Interview with Tom Wicker
QUESTION 13
INTERVIEWER:

One more? How much time do you think is left on this?





INTERVIEWER:

I'm going to ask you--Ready?

INTERVIEWER:

--ask you once again about the effect the experience of Attica had on you.

TOM WICKER:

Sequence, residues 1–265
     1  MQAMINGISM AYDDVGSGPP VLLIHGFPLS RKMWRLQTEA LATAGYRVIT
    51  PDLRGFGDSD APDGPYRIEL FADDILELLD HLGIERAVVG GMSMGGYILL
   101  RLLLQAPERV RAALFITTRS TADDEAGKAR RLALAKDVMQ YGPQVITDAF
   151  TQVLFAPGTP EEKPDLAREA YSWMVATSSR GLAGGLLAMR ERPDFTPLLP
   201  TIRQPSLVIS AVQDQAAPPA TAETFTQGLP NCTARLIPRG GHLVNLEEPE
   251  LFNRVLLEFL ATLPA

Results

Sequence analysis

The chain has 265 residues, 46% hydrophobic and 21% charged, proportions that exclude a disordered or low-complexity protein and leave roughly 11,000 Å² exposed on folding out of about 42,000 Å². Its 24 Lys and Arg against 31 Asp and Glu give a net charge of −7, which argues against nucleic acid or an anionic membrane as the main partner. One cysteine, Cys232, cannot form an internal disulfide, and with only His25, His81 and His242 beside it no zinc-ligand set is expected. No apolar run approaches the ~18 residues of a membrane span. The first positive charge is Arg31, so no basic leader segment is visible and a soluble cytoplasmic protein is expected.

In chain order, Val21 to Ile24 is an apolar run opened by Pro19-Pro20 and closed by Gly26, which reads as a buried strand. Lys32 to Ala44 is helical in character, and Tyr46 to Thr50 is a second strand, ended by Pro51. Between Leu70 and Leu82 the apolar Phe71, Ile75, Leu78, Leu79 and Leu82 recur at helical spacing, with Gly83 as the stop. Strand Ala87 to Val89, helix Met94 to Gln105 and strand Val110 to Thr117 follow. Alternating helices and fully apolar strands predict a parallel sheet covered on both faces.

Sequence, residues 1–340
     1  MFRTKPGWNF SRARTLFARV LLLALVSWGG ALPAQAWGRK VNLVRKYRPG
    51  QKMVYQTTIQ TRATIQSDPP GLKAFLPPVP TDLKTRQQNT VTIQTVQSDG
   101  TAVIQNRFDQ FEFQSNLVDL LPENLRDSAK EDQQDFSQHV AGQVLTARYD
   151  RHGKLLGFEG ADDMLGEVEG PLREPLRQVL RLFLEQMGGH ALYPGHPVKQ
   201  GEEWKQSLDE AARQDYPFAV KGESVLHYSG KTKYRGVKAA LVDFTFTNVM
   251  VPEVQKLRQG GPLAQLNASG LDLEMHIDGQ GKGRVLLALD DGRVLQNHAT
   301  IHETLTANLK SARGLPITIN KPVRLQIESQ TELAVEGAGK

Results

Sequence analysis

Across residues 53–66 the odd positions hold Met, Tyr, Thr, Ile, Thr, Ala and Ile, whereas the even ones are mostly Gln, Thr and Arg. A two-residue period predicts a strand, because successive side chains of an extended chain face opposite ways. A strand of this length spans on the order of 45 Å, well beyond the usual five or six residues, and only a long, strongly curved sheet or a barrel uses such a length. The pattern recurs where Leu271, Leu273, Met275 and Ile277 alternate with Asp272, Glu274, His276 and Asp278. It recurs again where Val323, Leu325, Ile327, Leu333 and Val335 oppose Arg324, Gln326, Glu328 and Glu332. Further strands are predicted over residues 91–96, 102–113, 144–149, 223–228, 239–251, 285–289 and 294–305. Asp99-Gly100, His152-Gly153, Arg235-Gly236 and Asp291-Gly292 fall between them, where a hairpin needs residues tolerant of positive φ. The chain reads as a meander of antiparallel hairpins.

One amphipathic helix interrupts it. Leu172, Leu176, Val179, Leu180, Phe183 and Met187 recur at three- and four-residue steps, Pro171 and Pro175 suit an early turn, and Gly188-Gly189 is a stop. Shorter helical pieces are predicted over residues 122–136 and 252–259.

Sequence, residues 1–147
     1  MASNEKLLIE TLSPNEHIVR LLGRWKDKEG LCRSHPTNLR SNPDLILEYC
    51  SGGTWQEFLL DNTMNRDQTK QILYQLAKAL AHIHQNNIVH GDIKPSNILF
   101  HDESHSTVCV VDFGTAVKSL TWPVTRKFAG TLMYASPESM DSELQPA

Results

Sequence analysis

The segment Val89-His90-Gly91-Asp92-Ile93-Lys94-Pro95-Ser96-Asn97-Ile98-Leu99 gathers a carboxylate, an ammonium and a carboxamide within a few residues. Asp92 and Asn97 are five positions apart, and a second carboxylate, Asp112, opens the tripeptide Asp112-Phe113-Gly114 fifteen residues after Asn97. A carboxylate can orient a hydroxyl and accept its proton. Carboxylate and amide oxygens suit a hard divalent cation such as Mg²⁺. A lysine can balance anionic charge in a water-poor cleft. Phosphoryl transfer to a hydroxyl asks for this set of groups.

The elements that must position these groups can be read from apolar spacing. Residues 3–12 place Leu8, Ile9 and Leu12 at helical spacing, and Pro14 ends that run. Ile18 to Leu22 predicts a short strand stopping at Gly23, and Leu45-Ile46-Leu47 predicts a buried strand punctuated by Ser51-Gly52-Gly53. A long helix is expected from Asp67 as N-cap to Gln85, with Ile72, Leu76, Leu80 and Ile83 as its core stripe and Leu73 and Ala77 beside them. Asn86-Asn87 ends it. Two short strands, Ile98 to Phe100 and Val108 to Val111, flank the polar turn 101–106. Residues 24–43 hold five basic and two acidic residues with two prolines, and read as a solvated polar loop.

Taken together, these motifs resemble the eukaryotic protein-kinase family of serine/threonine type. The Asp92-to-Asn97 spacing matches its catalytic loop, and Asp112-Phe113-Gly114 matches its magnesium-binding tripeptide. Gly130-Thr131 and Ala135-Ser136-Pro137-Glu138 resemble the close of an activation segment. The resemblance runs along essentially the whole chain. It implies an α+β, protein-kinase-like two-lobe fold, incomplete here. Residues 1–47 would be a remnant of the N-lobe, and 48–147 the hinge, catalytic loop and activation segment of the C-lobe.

Well I can't, the experience at Attica of course is a thing that, you know, remains with you forever, a horrendous event of that kind. I can't say that it changed my life in a material way, that is to say, I didn't change my way of livelihood or anything of sort. I'm still doing now more or less what I did then. But it certainly affected me emotionally and, and intellectually, perhaps even politically. I think I, I have a, a persisting sense of failure out of that because we were charged with the possibility of avoiding that terrible thing that happened, the deaths of 39 people, and we didn't. And it's all very well to say that, well, you couldn't have, and maybe that's true, but nonetheless we didn't, and I feel that very strongly and always have. Emotionally I, and, well it's hard to say whether it's emotionally or intellectually, I can't really quite look at the crime problem in this country any more, in the same way as so many other people do as, as literally an open and shut case: there are criminals and non-criminals, and criminals are bad and the non-criminals are good. It's pretty hard for me to see that because in the, and I'm not saying that that isn't true in some cases but in, in those close cir--and dramatic and emotional circumstances of 72 hours there in the prison, I saw men in a different, different light from that. I mean, I'm not trying to say that some of 'em had not committed terrible crimes, I'm sure they had, but I had an opportunity to see the, their humanity, you know, as perhaps they could see mine. And so I could never again quite look at the situation as being one in which you just say, "Well, you know, lock 'em all up, and keep them there a longer time, or death penalty," or that sort of thing because these people are human beings and in many cases there, there are, I'm not trying to make some generalized case that society is to blame for their problems, but in many cases there are problems of childhood deprivation, or drugs, or alcohol, or lack of education, or brutalization, or whatever that are responsible for, that have caused people to, to offend society. And it really isn't good enough on the part of our society just to throw these people into cages and, and leave 'em there and say, "Well, you know, you're a criminal." We need to see why we have so much crime in this country and we need to try to do something more about it than just revenge ourselves. And I, I think that's probably in any, in any sense having to do with my work, the way I look at the world, that's probably the, the lasting affect of, of Attica on me, the most lasting affect.